Turkish and Russian delegation will meet in Moscow to discuss Idlib violence, Turkey's FM Mevlut Cavusoglu says, amid mounting fears of humanitarian disaster in Syrian province.
Turkey's Foreign Minister Mevlut Cavusoglu said on Sunday that he told his Russian counterpart at a meeting the previous day that attacks in Syria's northwestern Idlib region must stop immediately and that a lasting ceasefire has to be achieved.
"I have met with Sergey Lavrov and said the aggression in Idlib should stop," Mevlut Cavusoglu told reporters after the 56th Munich Security Conference.
A "permanent ceasefire" should be established, he added.
Cavusoglu also said a Turkish and a Russian delegation will meet on Monday in Moscow to discuss the latest situation in Idlib.
The meeting follows previous visits by a Russian delegation to Ankara.
Speaking in Germany after the Munich gathering, Cavusoglu also said he met with US lawmakers at the conference and added that Washington should work to improve relations with Turkey anyway, not just because of tensions between Turkey and Russia.
Ceasefire talks, violations
Turkey and Russia back opposing sides in the Syrian conflict but have collaborated on a political solution. However, a recent Syrian regime offensive in Idlib has raised tensions between Ankara and Moscow, causing them to trade barbs.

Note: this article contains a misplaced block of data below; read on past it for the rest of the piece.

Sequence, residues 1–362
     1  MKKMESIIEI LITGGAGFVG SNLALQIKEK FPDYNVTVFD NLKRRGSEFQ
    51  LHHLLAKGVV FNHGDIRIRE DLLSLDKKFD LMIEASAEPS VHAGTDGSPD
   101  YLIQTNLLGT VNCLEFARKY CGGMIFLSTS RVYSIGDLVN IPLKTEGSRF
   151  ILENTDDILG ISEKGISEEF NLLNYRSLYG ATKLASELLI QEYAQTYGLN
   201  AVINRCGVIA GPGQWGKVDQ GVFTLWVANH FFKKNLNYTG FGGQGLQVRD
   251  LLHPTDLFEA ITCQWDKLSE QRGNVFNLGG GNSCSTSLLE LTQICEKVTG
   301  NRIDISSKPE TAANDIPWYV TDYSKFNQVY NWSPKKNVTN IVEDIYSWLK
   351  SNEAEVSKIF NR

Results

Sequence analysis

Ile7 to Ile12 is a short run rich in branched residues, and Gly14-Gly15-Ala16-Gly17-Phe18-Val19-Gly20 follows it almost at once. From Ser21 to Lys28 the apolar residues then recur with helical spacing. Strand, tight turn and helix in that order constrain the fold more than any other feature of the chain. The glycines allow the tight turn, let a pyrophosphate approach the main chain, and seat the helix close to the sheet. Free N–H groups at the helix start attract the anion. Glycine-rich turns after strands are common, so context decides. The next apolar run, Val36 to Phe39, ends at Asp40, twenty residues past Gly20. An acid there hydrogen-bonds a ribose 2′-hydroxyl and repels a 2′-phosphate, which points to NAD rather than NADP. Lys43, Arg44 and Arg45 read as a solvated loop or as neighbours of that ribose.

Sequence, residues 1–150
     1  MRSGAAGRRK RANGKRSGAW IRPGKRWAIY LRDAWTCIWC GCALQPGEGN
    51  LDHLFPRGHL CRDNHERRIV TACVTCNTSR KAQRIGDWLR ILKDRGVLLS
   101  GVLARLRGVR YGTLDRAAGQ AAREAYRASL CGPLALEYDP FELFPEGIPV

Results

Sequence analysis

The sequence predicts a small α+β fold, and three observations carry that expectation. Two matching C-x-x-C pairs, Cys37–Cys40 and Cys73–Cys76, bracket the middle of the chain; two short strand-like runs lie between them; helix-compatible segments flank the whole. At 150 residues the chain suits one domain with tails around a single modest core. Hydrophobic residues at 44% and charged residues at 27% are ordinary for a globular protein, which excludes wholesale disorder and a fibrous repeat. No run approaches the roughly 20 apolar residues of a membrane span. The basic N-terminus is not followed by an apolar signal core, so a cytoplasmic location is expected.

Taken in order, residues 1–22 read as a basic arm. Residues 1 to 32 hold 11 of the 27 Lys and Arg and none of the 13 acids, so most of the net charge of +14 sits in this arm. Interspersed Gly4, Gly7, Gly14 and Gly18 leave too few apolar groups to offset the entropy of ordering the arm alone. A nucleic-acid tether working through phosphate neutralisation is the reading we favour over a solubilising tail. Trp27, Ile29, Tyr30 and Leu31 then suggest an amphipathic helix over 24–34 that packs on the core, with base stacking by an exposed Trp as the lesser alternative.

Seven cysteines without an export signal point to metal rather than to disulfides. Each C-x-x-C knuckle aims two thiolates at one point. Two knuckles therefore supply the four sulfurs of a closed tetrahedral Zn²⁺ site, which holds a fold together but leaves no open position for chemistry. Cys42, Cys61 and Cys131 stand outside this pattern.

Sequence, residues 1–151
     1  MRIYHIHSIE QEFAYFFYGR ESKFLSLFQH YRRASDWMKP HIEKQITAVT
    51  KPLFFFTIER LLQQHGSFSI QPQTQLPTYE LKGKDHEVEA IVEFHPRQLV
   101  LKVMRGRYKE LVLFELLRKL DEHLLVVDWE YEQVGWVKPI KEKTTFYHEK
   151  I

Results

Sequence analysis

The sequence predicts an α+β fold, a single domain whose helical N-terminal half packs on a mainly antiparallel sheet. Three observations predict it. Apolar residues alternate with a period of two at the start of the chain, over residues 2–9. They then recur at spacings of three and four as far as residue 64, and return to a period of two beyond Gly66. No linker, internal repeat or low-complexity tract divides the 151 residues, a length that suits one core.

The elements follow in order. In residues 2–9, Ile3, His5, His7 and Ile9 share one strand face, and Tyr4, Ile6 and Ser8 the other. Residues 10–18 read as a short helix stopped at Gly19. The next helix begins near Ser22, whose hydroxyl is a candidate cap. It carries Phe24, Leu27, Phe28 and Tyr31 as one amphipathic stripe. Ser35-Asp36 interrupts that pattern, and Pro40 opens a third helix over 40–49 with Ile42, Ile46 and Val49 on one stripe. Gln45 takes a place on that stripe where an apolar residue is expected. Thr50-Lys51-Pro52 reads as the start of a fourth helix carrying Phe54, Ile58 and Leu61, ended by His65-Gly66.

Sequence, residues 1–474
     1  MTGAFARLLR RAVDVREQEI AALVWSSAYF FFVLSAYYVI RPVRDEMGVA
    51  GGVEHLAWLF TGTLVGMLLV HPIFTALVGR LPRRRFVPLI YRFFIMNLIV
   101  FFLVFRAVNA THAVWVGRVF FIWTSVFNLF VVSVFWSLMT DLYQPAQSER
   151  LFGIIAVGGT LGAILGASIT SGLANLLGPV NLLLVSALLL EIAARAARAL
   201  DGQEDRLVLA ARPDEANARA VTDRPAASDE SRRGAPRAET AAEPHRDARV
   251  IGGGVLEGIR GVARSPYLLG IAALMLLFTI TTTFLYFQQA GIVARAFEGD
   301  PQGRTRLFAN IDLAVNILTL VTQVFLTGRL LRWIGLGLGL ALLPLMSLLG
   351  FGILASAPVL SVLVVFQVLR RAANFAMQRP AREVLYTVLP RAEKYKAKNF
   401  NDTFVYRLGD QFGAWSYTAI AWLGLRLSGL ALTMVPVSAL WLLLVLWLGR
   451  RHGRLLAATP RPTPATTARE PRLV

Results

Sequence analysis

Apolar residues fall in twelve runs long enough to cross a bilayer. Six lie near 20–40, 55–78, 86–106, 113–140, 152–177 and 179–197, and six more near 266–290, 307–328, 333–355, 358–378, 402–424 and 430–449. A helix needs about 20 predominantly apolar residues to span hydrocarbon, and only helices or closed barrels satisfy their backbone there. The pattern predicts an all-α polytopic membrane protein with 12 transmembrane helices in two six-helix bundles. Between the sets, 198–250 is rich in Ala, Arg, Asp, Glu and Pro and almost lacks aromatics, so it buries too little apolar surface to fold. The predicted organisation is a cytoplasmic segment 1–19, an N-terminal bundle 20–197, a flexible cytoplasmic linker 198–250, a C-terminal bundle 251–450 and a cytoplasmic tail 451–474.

In September 2018, Turkey and Russia agreed to turn Idlib into a de-escalation zone in which acts of aggression are expressly prohibited.
But more than 1,800 civilians have been killed in attacks by the regime and Russian forces since then, flouting both the 2018 ceasefire and a new one that started on January 12.
Hundreds of thousands of civilians in Idlib province are scrambling to escape a widening, multi-front offensive by Syrian regime leader Bashar al Assad's forces.
Turkey swamped with refugees
"What matters is today around one million people from Idlib have been moving towards our border," Turkey’s President Recep Tayyip Erdogan said in a statement on Saturday after a phone call with US President Donald Trump in which they discussed Syria and other topics.
"We are already hosting 3.5-4 million people. Unfortunately, we are not in a position of accepting this another 1 million."
On Saturday, Cavusoglu said two million people could head for Turkey's border with Syria if no ceasefire is achieved.
Hundreds of civilians have been killed while 800,000 Syrians have been forced to leave their homes to flee the offensive since December, according to the United Nations.
Turkey has 12 observation posts in Idlib as part of the 2018 Ankara-Moscow agreement made in the southern city of Sochi.
Erdogan threatened to attack Damascus if regime forces did not return to the positions agreed in the Sochi deal before the end of February after 14 Turks were killed by Syrian regime shelling in Idlib this month.
The conflict in Syria has killed more than 400,000 people since it erupted in 2011 following the brutal repression of popular demonstrations demanding regime change.
More than half of Syria's population had already been displaced, but the latest regime offensive against the country's last rebel enclave has sent the numbers soaring again.